Big Changes Needed For Black Service Users, Say Researchers
The number of Black groups with “service user experience” has dramatically diminished according to a new report. The study from the Social Care Institute for Excellence (SCIE) and REU (formerly race equality unit) found that despite service user involvement advancing steadily in the past 20 years, black and minority ethnic groups are still lagging behind. Entitled Doing it for themselves: participation and black and minority ethnic service users , the report claims that policy makers and practioners frequently consult with black professionals and community leaders rather than directly involving service users themselves.
Author of the study, Nasa Begum is disabled and has used care services throughout her life. She has been active in service user and career participation work both in a professional and personal capacity for over 20 years.
Begum told Black Britain: “We’ve had people with direct experience of leading campaigns and bringing a change in services like the work around domestic violence. But in the field of social care people have tended to rely on community leaders or black minority professionals rather than talking to people who need the services themselves.”
Begum defines a service user as anyone “who actually uses social care services” and believes that relevant organisations have traditionally thought that as long as they talk to “someone black” it really doesn’t matter that they haven’t got direct experience.
Begum told Black Britain: “I’m a black disabled person myself and I’ve been quite concerned about this growing body of people that purport to speak on my behalf without having a real understanding about what its like to be a disabled person or to rely on services to be able to live your life.”
Begum also empathises just how important relevant support is to service users. Begum told Black Britain: “In the current climate it is community leaders that are being spoken to rather than the young people or people in social care. I am someone who relies on people to come in and get me up and help me so I do know what its like to be really dependent on services.”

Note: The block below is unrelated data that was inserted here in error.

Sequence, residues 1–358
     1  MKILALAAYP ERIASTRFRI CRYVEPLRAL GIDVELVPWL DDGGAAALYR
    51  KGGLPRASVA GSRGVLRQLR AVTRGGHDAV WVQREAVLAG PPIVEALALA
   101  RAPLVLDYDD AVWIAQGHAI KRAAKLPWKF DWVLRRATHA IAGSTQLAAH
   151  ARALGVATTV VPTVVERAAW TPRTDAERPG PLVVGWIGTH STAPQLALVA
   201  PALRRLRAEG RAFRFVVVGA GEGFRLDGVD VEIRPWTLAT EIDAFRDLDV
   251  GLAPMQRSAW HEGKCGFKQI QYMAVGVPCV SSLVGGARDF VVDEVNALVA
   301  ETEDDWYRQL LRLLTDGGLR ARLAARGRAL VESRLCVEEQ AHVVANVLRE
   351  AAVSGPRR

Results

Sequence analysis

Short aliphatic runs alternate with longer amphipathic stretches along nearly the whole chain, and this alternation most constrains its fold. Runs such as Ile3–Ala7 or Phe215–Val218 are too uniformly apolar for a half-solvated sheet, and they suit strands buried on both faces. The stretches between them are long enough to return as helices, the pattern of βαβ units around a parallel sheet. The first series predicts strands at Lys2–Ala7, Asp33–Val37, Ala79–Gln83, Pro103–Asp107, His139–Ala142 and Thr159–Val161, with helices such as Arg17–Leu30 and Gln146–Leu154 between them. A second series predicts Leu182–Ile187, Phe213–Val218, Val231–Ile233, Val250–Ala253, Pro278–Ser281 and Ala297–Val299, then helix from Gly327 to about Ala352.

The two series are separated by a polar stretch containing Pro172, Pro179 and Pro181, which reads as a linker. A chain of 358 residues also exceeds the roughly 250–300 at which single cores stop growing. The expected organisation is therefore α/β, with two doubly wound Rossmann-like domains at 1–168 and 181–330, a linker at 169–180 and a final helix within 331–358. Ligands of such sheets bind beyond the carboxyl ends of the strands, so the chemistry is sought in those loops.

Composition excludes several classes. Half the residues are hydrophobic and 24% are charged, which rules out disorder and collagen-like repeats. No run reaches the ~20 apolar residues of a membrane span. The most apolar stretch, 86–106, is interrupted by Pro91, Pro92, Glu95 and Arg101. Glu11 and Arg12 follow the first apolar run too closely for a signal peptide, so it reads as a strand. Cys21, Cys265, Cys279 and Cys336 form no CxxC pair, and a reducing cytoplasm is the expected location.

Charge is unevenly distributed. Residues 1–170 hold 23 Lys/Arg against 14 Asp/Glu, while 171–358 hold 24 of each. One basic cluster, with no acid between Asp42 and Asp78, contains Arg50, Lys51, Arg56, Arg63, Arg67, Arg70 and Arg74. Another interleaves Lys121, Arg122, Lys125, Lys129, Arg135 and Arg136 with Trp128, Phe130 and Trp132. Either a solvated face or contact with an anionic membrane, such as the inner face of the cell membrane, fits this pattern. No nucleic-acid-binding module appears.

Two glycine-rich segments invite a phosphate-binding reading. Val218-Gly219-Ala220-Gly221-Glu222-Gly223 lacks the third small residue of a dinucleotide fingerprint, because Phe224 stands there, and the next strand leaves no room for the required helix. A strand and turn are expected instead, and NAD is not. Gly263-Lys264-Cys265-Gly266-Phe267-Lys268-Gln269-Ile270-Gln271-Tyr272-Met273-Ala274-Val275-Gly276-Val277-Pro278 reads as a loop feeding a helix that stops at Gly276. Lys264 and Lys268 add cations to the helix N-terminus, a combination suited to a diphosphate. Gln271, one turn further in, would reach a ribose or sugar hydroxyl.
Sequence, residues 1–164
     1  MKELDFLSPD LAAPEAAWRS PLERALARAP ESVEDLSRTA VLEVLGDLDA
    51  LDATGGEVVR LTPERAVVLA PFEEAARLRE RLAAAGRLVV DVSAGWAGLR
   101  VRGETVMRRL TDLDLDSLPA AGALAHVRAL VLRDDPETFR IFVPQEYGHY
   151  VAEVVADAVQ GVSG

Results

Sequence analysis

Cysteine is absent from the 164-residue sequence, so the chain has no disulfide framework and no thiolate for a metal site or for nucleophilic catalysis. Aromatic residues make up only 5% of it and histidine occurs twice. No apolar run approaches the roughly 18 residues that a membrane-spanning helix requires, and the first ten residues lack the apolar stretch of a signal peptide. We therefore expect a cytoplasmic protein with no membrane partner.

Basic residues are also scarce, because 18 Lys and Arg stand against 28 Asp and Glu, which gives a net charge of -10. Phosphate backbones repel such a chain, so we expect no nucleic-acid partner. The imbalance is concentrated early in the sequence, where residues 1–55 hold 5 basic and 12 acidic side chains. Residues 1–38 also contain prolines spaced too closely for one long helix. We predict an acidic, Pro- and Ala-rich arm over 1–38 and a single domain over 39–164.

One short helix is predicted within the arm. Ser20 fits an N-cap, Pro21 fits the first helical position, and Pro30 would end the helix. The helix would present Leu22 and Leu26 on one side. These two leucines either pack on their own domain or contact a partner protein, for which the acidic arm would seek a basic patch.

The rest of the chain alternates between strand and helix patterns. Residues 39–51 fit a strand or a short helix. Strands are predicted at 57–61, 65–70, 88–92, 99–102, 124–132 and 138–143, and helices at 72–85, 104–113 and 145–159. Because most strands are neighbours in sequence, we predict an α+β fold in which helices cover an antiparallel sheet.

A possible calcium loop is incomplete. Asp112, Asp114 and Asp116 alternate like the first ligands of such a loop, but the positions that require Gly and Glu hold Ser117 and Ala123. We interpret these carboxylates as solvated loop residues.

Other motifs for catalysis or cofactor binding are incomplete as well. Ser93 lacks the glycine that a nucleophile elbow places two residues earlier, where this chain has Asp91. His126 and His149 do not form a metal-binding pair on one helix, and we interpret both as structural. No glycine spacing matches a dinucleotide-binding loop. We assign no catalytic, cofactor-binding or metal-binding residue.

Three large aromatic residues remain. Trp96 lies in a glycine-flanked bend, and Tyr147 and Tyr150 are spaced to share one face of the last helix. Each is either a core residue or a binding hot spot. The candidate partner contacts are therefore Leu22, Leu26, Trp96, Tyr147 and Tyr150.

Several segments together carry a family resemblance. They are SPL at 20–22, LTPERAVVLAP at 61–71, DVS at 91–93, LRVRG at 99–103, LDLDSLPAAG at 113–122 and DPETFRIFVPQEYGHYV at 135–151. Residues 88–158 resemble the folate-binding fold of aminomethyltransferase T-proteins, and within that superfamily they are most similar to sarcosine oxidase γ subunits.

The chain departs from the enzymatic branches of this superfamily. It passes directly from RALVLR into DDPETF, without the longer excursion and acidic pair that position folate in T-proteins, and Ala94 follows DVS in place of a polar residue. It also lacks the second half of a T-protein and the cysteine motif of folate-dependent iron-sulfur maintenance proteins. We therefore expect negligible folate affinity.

Begum also aims to dispel the myths that have surrounded black service users over the years. Begum told Black Britain: “I think that it has previously given policy makers and practioners an easy way out to think about excuses about why black users are not using services. The challenge is actually much more about looking at how we can support people to have a direct voice and be involved in shaping services.”
But she remains optimistic about the government’s recent interest. Begum told Black Britain: “The government particularly with their new white paper on care has got some really good ideas but unless we actually work with the people affected, to think about what needs to be done differently to make sure that it is appropriate for black people, then it will once again become rhetoric rather than reality.”
But Begum admits that care officials and their attitudes have disappointed her before. Begum told Black Britain: “Black and minority ethnic service users have been saying the same things for almost 15 years so we do know what the issues are. The challenges for all of us that work in social care are finding ways of making big changes rather than some little project that last 12 months and then just folds.”
Begum concludes with her need to see “an honest and open dialogue” about how community leaders and community groups shouldn’t be representing people without getting the “direct voice” of service users. Begum told Black Britain: “Unless people are speaking with direct experience the black and minority ethnic groups are not representing anyone but another band of professionals… People will just say this is another talking shop, nothing happened and we’ve been saying the same things over and over again, it gets frustrating”
Director of REU, Ratna Dutt, agrees that we shouldn’t rely on assumptions that black and minority groups are “hard to reach” or simply “aren’t interested”. Dutt said: “The beliefs that black and minority ethnic groups aren’t interested in developing services, that they are only interested in their immediate communities and are ‘hard to reach’ have acted as definite barriers to this vital area of social care development.”
Dutt also reinforced the need to “build trust” and “address marginalisation”. Dutt said: “There are no logical reasons why we should see such disparities in service user participation. We need to build trust with seldom heard groups, address marginalisation within mainstream user movements, and recognise the potential for improving services.”